UNE ‘excels’ in providing workout services for older adults
In a typical work week, Hannah LeBlanc, B.S., makes daily trips to the Piper Shores Lifecare Retirement Community in Scarborough where, as a fitness specialist with the University of New England’s Exercise and Conditioning for Easier Living (U-ExCEL) program, she leads exercise classes for the older adults living there.
But these are not typical times. While the novel coronavirus has yet to reach Piper Shores, the center has effectively closed down its campus in an effort to prevent spread of COVID-19 to its residents who, because of their age, are particularly at risk of complications from the disease. Because of this, LeBlanc is not able to lead her weekly workouts in person — but that has not stopped her from performing the task.
Older adults need physical activity to stay healthy and manage chronic conditions, LeBlanc said. To keep Piper Shores residents active, she has created online workout plans for them to complete from the comfort and safety of their own homes.
Every Monday, LeBlanc sends out a document to the community with 10 exercises for the week, accompanied by affirmational quotes, exercise-specific online resources, and links to videos of herself, filmed on her cell phone, demonstrating each exercise. When weights are required for the workouts, LeBlanc provides a list of common household items and their associated weights, so participants can engage in strength training.
LeBlanc said it was important to keep the U-ExCEL program alive, despite mandated isolation, to keep residents active and engaged.
“It’s incredibly important to be providing any sort of exercise that we can. It keeps older adults confident and independent, helps manage stress, and reduces the burden of chronic conditions,” she said. “It also brings peace of mind.”
The at-home workout plans are an adapted version of the U-ExCEL program’s traditional workout regimen. U-ExCEL, an auxiliary program of the UNE College of Osteopathic Medicine’s Division of Geriatrics, contracts with area life care campuses, assisted living environments, and community-based organizations to provide functional fitness and wellness programming and education.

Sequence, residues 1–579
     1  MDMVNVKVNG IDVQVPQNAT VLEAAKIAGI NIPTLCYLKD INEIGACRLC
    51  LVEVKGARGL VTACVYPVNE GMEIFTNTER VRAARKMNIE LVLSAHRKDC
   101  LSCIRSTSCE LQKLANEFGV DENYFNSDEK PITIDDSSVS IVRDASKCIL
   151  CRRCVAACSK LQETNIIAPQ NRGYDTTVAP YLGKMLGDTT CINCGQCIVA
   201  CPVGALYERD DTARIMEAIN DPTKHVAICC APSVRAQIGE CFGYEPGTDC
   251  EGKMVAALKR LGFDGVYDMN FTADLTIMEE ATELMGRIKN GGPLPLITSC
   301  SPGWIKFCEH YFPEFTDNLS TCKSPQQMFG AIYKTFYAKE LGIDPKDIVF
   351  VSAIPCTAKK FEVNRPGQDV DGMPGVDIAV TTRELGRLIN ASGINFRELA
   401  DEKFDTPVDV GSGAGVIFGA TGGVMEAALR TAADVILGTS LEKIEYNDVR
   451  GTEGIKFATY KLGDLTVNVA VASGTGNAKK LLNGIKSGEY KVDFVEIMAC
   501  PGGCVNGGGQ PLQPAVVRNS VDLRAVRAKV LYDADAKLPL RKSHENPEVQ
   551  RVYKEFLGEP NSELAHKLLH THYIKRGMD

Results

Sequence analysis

The program evaluates individuals’ health and fitness goals along with current medical diagnoses to improve or maintain function through techniques including strength, balance, endurance, nutrition, and other supportive wellness interventions.
U-ExCEL offers several workout programs for its participants, and LeBlanc has been able to put three of them entirely online: Strength and Balance, which addresses improving core, upper, and lower body strength; Sit and Fit, a chair exercise program that works muscles all over the body to improve strength and flexibility while in a sitting position; and Core Dynamics, which targets the abdominal muscles, back, hips, and buttocks.
The online version of these workouts is still in its infancy, LeBlanc said, and is now just moving into its second full week of classes.
However, she said feedback so far has been positive, and having the routines saved online will allow people to access them in the future, even if they are unable to attend a U-ExCEL class. LeBlanc also is now leading walking sessions with small groups of Piper Shores residents around the community’s scenic coastal campus.
Additionally, not only are LeBlanc’s digitized workouts benefitting U-ExCEL participants, they will also benefit older adults across Maine and in other states. The Maine Council on Aging has started sharing LeBlanc’s weekly workout regiments, making them available to the state’s older adults as well as their care providers, and UNE’s Center for Excellence in Aging and Health sends the workouts to more than 400 people in the Legacy Scholars program.
“This is really a public service that Hannah is now creating,” said Marilyn Gugliucci, Ph.D., professor and director of the U-ExCEL program. “Having the option to do a workout in their own homes to stay functional is so important. We’re really trying to de-stress people and keep them functional. The worst thing for an older person is for them to be sedentary.”
Read about LeBlanc's work with U-ExCEL in the Portland Press Herald.